Calcium and the Injured Cardiac Myocyte

  • Winifred G. Nayler
  • M. J. Daly
Part of the Developments in Cardiovascular Medicine book series (DICM, volume 34)


Injured cardiac myocytes accumulate Ca2+. It does not seem to matter whether the injury is due to reperfusion after prolonged periods of normothermic ischemia [1, 2], sustained hypoxia [3], a naturally occurring cardiomyopathy, or the reintroduction of Ca2+ after only a few minutes of Ca2+-free perfusion [4–6], the end result is the same—that is, the cells become overloaded with Ca2+. The primary aim of this chapter is to establish why the injured myocytes accumulate Ca2+, and then to define the route by which this Ca2+ enters. Finally we will consider the consequences of the resultant Ca2+ overloading.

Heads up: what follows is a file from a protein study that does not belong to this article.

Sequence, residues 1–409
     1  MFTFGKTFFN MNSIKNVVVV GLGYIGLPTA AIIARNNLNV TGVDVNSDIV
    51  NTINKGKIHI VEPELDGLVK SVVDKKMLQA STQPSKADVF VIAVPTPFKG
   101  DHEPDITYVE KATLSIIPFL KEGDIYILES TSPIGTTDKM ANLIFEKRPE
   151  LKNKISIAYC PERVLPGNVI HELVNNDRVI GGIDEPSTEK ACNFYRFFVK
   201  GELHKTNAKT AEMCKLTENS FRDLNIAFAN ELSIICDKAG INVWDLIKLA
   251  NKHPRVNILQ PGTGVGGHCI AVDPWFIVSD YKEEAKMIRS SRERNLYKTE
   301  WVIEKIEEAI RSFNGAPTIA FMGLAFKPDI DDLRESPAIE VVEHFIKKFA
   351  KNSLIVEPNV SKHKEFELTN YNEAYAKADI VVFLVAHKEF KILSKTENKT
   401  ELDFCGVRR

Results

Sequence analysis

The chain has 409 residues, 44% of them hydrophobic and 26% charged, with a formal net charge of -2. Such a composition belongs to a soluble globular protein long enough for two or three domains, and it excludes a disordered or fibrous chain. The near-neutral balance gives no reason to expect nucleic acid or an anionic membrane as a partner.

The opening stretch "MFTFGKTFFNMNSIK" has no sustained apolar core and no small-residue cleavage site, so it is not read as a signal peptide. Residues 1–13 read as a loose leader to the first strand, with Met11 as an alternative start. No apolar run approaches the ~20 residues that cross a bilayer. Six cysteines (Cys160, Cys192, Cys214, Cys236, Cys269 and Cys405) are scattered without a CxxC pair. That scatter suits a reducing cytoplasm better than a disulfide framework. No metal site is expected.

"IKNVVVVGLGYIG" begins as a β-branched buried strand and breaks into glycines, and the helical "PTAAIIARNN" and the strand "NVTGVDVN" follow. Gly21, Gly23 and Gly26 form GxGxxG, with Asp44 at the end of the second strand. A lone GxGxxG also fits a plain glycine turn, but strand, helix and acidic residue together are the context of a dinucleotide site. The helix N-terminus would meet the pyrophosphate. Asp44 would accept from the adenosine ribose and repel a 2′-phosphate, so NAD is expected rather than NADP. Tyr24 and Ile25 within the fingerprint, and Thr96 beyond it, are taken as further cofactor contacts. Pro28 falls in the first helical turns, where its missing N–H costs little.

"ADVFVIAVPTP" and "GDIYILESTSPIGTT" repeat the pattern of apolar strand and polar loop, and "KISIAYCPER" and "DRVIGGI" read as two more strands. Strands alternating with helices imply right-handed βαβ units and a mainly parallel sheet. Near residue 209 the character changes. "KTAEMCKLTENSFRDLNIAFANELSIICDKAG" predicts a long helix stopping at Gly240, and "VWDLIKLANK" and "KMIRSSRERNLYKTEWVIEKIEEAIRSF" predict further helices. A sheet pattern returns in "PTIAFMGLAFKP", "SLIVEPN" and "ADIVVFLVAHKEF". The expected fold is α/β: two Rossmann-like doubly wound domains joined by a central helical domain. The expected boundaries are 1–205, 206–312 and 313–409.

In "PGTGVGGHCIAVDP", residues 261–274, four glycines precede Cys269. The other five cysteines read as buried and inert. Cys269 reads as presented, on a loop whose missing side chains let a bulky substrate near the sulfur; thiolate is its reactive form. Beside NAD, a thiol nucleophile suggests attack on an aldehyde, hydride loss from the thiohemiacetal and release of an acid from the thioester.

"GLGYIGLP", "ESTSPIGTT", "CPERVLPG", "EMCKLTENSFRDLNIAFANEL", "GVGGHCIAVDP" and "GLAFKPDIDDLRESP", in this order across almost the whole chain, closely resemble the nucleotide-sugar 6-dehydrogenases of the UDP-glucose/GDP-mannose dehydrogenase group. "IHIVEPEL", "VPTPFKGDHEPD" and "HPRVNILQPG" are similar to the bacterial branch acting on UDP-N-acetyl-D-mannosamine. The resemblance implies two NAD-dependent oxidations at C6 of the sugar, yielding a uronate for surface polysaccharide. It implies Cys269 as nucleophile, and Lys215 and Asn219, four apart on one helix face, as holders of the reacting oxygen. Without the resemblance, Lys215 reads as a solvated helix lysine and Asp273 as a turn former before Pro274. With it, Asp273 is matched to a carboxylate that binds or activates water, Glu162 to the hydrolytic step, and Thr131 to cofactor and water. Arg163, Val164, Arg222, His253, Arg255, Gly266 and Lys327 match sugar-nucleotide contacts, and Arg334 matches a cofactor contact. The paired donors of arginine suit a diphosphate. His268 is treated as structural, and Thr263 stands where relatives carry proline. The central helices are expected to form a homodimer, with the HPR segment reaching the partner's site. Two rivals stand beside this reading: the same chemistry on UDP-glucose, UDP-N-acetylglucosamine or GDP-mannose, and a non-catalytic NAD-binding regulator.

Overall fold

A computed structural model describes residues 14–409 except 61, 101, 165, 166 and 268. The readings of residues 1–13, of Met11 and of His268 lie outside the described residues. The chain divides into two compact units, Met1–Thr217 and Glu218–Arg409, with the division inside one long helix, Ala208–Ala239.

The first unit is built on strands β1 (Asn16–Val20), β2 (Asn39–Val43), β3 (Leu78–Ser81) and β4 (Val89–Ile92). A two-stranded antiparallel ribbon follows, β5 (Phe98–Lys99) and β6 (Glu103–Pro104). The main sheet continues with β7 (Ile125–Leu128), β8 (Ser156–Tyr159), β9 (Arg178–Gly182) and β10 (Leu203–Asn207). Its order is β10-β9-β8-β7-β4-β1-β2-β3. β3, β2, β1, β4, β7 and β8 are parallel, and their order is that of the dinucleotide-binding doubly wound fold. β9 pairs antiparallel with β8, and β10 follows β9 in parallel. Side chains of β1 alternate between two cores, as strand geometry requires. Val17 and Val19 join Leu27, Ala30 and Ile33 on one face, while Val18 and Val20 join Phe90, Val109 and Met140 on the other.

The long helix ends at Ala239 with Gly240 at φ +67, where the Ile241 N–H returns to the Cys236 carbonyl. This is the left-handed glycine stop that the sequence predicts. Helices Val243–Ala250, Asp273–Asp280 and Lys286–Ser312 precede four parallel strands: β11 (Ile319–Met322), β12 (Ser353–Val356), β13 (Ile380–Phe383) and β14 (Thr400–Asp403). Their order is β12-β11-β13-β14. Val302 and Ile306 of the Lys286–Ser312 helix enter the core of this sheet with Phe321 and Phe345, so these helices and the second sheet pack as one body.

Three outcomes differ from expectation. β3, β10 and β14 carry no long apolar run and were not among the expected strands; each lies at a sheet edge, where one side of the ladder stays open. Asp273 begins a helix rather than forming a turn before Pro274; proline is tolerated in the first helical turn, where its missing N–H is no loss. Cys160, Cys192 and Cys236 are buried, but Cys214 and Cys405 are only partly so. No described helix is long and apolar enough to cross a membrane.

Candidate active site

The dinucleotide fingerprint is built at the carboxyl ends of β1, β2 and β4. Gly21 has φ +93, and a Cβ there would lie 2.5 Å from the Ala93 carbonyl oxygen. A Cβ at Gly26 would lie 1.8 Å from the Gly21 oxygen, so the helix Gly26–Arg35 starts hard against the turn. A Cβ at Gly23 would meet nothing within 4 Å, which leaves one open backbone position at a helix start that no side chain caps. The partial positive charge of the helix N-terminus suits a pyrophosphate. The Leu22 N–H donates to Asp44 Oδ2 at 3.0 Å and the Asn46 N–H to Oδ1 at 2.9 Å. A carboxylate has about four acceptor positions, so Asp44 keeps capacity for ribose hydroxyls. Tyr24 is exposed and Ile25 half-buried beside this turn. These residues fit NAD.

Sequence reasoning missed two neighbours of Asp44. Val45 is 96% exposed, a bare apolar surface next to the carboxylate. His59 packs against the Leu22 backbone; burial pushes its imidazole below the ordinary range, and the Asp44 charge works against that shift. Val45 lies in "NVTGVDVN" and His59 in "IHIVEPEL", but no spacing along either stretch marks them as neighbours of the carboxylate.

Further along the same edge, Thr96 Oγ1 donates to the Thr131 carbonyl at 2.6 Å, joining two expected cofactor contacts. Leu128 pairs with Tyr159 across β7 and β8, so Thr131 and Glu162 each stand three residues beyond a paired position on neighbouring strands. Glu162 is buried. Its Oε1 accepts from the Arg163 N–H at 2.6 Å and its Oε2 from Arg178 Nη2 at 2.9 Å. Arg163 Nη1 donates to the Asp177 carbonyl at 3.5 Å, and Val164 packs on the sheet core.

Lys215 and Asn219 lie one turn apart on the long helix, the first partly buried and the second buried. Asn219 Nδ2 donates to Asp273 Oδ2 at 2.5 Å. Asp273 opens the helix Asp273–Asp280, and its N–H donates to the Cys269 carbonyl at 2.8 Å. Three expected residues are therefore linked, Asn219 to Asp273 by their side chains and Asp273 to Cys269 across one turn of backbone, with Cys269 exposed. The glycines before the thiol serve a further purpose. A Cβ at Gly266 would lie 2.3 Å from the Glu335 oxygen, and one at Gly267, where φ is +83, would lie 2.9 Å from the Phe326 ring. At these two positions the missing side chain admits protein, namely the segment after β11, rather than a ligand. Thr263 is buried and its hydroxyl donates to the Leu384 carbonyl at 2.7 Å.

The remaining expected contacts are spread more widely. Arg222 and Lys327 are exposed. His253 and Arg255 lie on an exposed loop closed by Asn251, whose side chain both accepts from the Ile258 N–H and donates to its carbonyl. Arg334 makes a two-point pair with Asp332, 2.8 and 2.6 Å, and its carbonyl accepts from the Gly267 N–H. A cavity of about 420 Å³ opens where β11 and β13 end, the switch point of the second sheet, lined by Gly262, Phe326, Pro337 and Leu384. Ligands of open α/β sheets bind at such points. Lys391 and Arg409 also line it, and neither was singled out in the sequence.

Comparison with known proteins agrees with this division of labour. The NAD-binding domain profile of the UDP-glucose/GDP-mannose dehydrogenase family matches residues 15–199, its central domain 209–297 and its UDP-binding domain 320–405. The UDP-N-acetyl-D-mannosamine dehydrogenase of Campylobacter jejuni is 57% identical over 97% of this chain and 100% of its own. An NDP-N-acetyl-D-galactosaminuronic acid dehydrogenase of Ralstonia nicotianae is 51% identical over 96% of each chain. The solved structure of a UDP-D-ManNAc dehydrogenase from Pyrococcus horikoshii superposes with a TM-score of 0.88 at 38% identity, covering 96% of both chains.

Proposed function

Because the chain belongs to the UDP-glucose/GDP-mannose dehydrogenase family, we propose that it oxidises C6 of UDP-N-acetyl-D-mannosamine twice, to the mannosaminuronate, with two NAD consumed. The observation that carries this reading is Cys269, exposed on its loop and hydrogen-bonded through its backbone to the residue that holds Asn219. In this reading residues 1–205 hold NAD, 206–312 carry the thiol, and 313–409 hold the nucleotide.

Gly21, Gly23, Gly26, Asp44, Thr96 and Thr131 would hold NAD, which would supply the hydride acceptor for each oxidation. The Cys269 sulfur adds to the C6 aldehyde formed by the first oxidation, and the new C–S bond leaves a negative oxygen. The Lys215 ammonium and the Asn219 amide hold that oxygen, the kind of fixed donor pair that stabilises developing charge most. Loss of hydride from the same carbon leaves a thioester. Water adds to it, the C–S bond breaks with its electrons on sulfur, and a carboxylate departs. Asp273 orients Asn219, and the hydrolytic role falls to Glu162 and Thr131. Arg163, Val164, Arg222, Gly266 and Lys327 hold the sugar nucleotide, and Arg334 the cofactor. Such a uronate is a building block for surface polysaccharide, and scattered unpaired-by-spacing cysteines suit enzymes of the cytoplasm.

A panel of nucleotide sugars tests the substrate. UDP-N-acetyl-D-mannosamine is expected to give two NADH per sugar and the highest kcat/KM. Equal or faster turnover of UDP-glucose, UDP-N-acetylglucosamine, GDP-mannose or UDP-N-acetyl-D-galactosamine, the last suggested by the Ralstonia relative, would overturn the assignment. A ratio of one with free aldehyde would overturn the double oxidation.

Intercalate Disc Ischemic Episode High Energy Phosphate Massive Influx Passive Permeability 
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© Springer Science+Business Media Dordrecht 1984

Authors and Affiliations

  • Winifred G. Nayler
  • M. J. Daly

There are no affiliations available

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